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Help debugging "[8] System error: no such file or directory"


(Christopher Harvey) #1

I’ve got a container with a single executable (c++) in it (created from the scratch image) and it’s dependencies located in /usr/lib. When I run the container with “docker run -ti img_name” I get the following output:

no such file or directory
Error response from daemon: Cannot start container ccca56c522d3d529254f080099846fc62bacdb2687b4ef559038b2f873a049cd: [8] System error: no such file or directory

Here is what my Dockerfile looks like:
FROM scratch
COPY main /usr/local/bin/main
COPY fs /
EXPOSE 55555
CMD ["/usr/local/bin/main"]

It would be really helpful if it could tell me what file it couldn’t find without having to resort to strace. The “main” program runs fine when statically linked, or when added to a full blown image like ubuntu.

Thanks.


(Joe) #2

Hi,

You can debug this using the following steps:

  • Comment out the CMD line in the Dockerfile
  • Now using this new Dockerfile create an image called “main_in_scratch”
  • Run this command: docker run -it main_in_scratch /bin/bash
  • Once inside the Container, say “/usr/local/bin/main” and see what you get.

Cheers,
Joe


(Christopher Harvey) #3

I’m confused, since you say to create an image from scratch wouldn’t that mean there is no /bin/bash binary to execute? Running those commands blindly obviously outputs this:

exec: “/bin/bash”: stat /bin/bash: no such file or directory
Error response from daemon: Cannot start container 78cb9a9bc24737cb8b2adca48491bc4a254f6c3f05ede115dab0e497cffca70a: [8] System error: exec: “/bin/bash”: stat /bin/bash: no such file or directory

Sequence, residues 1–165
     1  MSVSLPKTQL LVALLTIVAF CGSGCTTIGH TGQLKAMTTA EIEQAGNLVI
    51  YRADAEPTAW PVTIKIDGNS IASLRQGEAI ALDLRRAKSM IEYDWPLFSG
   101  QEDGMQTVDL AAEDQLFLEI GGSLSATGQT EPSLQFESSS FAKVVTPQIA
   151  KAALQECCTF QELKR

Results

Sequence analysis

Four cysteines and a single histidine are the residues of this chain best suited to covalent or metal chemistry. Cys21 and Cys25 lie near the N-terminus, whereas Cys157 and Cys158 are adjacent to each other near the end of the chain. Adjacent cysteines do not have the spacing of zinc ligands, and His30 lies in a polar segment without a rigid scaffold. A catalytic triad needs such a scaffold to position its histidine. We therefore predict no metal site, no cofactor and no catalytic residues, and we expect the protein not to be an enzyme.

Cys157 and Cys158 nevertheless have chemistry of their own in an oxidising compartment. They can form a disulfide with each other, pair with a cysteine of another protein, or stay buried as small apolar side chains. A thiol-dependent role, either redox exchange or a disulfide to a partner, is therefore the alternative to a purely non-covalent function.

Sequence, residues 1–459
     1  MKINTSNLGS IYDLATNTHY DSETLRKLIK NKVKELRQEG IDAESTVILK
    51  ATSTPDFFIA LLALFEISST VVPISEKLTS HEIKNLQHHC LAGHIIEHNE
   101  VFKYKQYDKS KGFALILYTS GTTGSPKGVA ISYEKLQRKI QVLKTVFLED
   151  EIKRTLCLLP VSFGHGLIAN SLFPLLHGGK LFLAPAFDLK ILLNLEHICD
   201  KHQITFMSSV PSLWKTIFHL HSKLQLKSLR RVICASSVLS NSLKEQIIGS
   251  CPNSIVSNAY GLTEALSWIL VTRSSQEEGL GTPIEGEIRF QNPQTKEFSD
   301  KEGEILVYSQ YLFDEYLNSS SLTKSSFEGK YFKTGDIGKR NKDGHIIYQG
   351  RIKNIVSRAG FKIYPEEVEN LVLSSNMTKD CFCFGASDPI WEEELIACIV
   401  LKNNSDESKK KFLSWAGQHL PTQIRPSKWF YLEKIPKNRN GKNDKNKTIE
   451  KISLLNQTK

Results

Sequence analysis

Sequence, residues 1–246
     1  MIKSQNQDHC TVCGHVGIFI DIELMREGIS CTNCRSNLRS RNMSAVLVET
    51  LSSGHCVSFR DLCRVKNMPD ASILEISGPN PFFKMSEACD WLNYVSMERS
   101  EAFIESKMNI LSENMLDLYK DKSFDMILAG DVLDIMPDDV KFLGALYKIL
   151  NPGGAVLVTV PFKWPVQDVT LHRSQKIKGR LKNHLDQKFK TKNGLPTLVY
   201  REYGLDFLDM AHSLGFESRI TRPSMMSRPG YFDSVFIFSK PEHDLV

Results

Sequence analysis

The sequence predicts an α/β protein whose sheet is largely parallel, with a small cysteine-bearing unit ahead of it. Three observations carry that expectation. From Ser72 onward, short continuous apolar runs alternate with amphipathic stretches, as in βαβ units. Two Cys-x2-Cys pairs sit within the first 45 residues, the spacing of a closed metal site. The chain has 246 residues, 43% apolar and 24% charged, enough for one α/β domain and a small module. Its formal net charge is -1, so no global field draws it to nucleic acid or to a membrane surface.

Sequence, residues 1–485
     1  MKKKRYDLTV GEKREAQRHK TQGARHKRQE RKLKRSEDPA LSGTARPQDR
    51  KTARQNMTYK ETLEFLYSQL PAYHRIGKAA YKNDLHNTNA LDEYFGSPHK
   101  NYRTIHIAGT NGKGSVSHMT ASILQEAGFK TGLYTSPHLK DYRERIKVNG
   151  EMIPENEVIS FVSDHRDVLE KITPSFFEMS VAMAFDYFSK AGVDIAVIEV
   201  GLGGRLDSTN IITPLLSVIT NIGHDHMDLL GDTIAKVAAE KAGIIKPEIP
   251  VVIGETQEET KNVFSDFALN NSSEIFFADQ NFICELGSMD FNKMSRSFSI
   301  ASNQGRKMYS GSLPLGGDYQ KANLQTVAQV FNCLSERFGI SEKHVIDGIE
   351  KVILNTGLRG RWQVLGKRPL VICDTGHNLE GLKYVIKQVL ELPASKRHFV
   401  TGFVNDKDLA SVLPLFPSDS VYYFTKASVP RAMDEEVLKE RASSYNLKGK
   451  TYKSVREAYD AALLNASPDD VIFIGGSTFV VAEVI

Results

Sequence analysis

I’m guessing I’m not understanding what you really wanted me to do.


(Joe) #4

Hi Christopher,

I understand your confusion.

I was under the impression that the base image “scratch” was a Linux Distro with shell in it. Looks like it is not.

Here is what I suggest you do:

  • Which Linux Distro is this single C++ executable called “main” supposed to run on? Ubuntu, Fedora, Debian etc?
  • If it is Ubuntu, then in your Dockerfile, set the arg for the FROM instruction as ubuntu
  • Now follow the steps I mentioned previously

That should help you debug. Cheers.

-Joe


(Christopher Harvey) #5

Turns out I needed to include the linux loader in the docker image. I assumed that the docker programs were loaded by the host machine. I guess I still have a bit to learn about how docker interacts with the kernel.

For anybody else reading this the loader is this file on my PC:
/lib64/ld-linux-x86-64.so.2

now if I’m missing a dependency it’s printed in full.


(Jonh2015) #6

Can you show us what the correct dockerfile is now? That will help those of us hitting the same issue.


(Christopher Harvey) #7

I would, but it’s so specific to my system…the key here is to use the COPY command to copy your loader into the image. Where that loader comes from is specific to your system, and what loader you pick is also a choice the developer has to make. Normally the loader comes from the FROM command, if you use FROM scratch, then just be sure to remember to COPY a loader in instead.